Early in my scientific career I was in a meeting to decide what one of our department’s new drug discovery projects was going to be. A team made a presentation on a prospective target, which was scientifically solid but was shot down because the potential market was too small. Not enough people had the disease, so we’d never be able to recoup our costs of finding and developing a treatment. It was certainly an eye-opener to a young, naïve scientist.
Since then, my career has taken place in what you could call the Genome Age. And one of the great promises of the Genome Age has been more or less “When we know peoples’ DNA sequences, we’ll be able to tailor drugs to their specific needs”. These days, it’s known as “personalized medicine”.
As a patient, I always thought this sounded awesome, like something out of science fiction. But as a drugmaker (and perhaps one weaned on the bottom line calculations like those above), I thought this sounded like a terrible idea. I’d want to make a drug that worked on everyone, not just a small segment of the population.
An approval by the FDA this week highlights the tricky nature of making drugs for small diseases. The Agency approved Vertex’s drug Kalydeco, which treats a rare form of cystic fibrosis. About 1200 people in the US currently suffer from this version of the disease, which arises from a genetic mutation. The FDA approved the drug ahead of schedule and called it a “breakthrough” – language very very rarely uttered by The Man.
This is great news for this patient population. The drug has been shown to be remarkably effective at diminishing symptoms and limiting disease progression. Well, maybe it’s not great news. The yearly cost for a prescription of Kalydeco is slated to be $294,000.
Why so high? Well, we don’t have all the numbers, but a drug like Kalydeco probably took about $500,000,000 to discover, develop, and produce and the company needs to make that back and then some if they’d hope to see a reasonable profit (and this doesn’t begin to take into account the billions spent on R&D projects that never make it to the marketplace).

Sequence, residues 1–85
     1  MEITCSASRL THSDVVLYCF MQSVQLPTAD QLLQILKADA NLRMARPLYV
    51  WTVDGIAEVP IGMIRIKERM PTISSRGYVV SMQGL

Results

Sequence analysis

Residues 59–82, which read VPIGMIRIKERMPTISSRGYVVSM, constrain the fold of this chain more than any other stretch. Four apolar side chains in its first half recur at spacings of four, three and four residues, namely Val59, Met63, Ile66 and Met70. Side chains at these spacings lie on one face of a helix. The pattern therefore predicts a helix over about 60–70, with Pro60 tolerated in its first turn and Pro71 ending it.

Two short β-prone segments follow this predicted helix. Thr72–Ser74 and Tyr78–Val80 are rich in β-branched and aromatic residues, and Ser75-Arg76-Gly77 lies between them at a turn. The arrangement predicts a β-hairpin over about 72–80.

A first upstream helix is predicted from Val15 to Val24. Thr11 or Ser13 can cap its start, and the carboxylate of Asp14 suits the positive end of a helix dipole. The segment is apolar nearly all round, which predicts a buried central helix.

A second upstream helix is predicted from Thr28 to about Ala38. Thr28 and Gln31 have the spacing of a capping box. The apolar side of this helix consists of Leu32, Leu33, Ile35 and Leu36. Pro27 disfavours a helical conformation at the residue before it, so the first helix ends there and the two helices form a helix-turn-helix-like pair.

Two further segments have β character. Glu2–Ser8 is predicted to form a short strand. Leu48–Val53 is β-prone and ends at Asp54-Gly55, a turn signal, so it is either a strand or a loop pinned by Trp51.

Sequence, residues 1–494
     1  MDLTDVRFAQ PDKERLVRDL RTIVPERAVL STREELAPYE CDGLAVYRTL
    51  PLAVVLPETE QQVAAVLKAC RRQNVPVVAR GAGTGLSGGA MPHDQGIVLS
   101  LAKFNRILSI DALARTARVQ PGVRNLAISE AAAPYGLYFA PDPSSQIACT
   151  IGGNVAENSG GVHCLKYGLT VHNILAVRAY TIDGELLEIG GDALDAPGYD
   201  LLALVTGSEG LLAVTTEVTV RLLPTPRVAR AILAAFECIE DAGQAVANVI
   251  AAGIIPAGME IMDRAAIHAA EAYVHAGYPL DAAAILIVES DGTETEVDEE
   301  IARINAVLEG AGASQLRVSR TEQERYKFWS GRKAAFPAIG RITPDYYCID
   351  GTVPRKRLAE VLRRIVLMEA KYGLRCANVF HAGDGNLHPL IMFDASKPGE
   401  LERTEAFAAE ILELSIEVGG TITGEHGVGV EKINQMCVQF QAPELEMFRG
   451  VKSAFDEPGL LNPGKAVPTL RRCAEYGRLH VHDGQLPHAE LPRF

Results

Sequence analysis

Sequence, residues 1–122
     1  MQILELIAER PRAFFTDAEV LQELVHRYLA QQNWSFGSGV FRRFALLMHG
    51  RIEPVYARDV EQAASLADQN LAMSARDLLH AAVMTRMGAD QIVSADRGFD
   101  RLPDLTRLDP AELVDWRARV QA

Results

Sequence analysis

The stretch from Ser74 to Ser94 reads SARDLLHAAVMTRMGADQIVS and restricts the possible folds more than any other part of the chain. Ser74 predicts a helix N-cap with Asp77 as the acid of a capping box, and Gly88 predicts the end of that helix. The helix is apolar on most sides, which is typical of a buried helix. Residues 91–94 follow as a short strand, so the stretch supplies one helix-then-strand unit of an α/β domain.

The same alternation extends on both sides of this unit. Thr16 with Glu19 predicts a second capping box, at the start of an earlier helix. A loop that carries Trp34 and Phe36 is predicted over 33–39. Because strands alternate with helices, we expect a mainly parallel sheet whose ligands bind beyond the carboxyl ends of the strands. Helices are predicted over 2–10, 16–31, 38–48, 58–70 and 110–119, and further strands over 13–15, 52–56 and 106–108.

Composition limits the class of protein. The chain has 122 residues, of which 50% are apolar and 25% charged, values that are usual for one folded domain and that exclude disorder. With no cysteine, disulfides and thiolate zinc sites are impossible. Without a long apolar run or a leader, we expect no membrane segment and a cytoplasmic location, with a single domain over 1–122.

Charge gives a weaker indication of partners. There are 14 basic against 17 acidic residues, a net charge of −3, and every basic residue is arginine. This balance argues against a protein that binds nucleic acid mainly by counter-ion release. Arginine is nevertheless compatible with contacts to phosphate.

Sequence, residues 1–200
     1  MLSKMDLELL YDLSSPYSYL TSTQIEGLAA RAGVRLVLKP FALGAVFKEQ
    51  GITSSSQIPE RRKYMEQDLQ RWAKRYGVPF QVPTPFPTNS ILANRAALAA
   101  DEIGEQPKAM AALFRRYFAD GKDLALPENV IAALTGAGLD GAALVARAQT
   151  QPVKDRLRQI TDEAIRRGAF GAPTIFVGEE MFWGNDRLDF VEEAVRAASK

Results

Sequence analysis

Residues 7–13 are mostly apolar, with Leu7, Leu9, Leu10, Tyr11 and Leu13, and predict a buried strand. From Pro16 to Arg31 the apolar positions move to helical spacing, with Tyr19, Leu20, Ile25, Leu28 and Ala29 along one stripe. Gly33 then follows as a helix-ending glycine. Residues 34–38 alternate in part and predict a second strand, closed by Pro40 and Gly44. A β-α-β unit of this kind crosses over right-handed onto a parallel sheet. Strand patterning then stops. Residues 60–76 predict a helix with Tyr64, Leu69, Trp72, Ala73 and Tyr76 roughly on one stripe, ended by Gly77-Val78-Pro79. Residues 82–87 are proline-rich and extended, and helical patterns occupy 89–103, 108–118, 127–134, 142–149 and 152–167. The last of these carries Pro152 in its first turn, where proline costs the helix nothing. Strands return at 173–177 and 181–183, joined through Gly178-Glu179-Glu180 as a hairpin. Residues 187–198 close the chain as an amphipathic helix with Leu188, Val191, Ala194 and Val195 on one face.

Because of the small patient population, Vertex claims that it will be able to assign a case-manager to each prescription to help the consumers navigate the financial aspects of taking the drug and in certain cases, it will pay up to $80,000 for patients who are commercially insured but facing high co-pays and/or co-insurance costs.
I’m going to watch this drug with a lot of interest, because I think it will be a bellwether of how personalized medicines might make it in market. Will people and (more importantly) insurance companies pay for it?
If not, what happens to the dream of personalized medicine and so-called “orphan diseases”? You can imagine a scenario where the government supports research for indications that might be “non-profitable”, but spending money on things that might or might not work and that will only benefit small portions of society seems to be out of fashion these days.
Perhaps I’m still naïve, but I’d like to think that somehow we – drug companies, researchers, government, insurers and society – will be able to figure out a way to make this work, because NOT finding a way to get cures to patients merely because enough people aren’t suffering seems so 20th century.